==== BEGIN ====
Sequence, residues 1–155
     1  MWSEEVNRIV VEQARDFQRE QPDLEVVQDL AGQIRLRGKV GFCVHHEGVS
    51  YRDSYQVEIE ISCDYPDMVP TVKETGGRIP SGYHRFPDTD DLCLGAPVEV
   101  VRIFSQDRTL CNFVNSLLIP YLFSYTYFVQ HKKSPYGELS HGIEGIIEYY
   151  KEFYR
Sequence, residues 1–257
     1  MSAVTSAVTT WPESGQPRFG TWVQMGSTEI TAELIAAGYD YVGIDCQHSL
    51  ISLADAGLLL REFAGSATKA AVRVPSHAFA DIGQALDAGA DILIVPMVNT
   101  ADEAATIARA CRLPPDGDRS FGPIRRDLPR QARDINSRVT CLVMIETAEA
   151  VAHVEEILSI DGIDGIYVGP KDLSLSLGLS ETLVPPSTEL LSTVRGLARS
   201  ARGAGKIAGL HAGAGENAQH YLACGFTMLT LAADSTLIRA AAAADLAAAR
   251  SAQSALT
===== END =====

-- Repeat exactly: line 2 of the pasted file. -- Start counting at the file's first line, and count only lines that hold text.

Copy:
     1  MWSEEVNRIV VEQARDFQRE QPDLEVVQDL AGQIRLRGKV GFCVHHEGVS